HICKS COLUMN: History, not hate, at Castle Pinckney
As controversies go, this one is sort of like a flag on a windless day.
That is, pretty limp until the hot air starts blowing.
The Fort Sumter Camp of the Sons of Confederate Veterans has put up a flagpole on Castle Pinckney, the oft-neglected fort that sits on a spit of land about a mile off the peninsula. And they plan to start flying flags.
Yes, some will be Confederate.
But not that Confederate flag.
Philip Middleton, commander of the Fort Sumter Camp says the controversial battle flag — actually the Naval Jack — will not be flown.
“We're not going to put anything up that's going to be a stick in anybody's eye,” Middleton told The Post and Courier's Robert Behre.
Take him at his word. Over the years, some groups have used the Confederate battle flag to promote some ugly political causes — but the Sons of Confederate Veterans are not among them.
History isn't simple
A couple of weeks ago, the Sons of Confederate Veterans put on their annual Battle of Secessionville re-enactment.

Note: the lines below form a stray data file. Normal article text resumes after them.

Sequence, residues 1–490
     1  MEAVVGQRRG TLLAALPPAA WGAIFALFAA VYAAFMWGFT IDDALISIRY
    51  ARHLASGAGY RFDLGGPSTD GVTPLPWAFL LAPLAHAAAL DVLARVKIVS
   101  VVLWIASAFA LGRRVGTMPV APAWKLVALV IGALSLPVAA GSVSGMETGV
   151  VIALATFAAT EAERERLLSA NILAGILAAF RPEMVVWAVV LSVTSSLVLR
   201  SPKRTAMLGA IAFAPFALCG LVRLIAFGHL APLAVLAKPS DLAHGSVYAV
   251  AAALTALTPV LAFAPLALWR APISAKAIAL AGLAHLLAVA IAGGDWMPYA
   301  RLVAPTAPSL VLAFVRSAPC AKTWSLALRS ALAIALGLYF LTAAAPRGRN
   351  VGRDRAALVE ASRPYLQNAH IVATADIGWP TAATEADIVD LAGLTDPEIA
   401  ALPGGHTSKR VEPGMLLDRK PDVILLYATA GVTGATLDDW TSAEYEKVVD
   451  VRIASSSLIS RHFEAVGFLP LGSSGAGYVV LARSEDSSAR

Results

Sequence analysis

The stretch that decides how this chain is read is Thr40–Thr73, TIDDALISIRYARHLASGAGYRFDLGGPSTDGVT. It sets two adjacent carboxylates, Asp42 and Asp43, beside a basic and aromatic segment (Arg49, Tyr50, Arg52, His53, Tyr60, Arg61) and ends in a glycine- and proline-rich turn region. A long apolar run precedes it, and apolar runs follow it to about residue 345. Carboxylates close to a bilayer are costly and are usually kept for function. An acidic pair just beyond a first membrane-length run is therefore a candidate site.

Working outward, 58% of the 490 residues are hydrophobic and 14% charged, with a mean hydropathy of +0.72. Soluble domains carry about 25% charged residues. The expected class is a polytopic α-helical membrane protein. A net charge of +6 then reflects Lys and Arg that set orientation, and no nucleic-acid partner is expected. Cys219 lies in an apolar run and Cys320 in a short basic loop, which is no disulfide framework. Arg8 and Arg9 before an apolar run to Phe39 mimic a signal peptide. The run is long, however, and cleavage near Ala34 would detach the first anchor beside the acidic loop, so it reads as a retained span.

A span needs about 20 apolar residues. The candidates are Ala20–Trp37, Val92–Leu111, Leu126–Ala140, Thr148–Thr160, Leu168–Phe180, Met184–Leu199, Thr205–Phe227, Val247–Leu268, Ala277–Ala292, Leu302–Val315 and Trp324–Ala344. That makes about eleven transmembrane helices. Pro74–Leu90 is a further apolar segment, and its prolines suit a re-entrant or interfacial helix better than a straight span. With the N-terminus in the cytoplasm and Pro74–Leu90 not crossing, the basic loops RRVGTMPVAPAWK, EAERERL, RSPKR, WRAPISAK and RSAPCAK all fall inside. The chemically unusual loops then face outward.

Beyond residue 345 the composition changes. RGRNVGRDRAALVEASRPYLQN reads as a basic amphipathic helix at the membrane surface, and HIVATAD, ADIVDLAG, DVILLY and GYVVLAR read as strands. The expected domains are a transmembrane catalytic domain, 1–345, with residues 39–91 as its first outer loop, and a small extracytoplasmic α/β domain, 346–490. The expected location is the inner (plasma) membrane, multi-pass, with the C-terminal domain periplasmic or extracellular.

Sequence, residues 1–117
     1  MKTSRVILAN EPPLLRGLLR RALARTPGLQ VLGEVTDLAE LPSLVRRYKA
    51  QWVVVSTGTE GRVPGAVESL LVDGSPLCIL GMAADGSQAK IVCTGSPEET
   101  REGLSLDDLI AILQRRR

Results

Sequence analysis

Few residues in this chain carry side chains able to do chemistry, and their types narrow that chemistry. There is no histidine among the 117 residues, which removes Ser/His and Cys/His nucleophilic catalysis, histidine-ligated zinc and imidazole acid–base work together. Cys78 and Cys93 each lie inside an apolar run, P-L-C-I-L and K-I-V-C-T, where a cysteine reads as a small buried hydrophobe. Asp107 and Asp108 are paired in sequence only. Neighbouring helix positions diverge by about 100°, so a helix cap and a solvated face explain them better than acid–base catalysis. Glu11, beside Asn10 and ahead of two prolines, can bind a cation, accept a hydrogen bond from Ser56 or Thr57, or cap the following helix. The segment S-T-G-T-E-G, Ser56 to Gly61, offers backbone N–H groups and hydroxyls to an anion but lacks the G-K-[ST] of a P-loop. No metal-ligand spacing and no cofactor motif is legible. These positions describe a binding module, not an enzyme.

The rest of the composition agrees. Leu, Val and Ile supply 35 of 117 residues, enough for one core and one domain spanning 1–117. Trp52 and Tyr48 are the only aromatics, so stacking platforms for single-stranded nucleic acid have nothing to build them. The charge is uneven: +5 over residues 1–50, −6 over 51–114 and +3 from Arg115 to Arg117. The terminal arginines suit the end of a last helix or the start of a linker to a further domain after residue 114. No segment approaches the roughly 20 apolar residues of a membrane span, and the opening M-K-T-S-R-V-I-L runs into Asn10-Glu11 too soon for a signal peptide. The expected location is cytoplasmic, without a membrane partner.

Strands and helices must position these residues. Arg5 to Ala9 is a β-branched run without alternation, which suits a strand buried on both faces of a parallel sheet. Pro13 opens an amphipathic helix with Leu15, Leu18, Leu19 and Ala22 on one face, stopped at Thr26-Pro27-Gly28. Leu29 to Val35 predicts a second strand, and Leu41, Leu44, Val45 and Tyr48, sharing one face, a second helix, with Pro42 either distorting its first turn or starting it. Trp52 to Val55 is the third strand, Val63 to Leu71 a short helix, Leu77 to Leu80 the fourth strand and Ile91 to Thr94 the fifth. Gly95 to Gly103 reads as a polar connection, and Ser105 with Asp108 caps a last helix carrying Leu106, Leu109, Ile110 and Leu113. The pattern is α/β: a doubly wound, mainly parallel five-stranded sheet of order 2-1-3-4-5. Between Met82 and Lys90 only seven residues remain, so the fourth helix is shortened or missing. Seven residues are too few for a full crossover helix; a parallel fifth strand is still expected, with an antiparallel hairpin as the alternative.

School kids visited Boone Hall to hear about the 1862 battle, but they also learned about slavery and the 54th Massachusetts — the black Union regiment that fought in the battle of Morris Island.
The SCV wants to teach history, not whitewash it.
Yes, South Carolina seceded from the Union and blamed federal limitations on slavery. But that was in the fine print. It was sold to all those men who fought for the South in a very different manner. Just as politicians do today, they wrapped war in the shroud of patriotism. To all those men who fought for the South — very few actually owned another human being — this was a fight for states' rights, to defend their homeland.
It's an important distinction, and one that comes only from actually learning history.
It's in the context
When this state went through its fight about the Confederate battle flag atop the state capitol dome, the argument was that it wasn't historically accurate anyway — not to mention the impression it made.
That was fair. Critics have reason to be wary. The Ku Klux Klan did use the battle flag. But to be fair, those goons also carried the U.S. flag.
Randy Burbage, past S.C. division commander of the SCV, says the group's critics used to ask only that flags be displayed in “historical context,” but now it seems any mention of the Confederacy is fair game.
Truth is, the three national flags of the Confederacy, as well as the South Carolina flag and the secession flag, flew over Castle Pinckney between 1860 and 1865.
“How much more historical context do you want?” Burbage asks.
Fair question. Fort Sumter has flown Confederate flags because it's historically accurate. So is this.
The best thing to do here is keep an open mind and learn history.
Which is all the Sons of Confederate Veterans want.
Reach Brian Hicks at firstname.lastname@example.org or read his blog at blog.postandcourier.com/brians-blog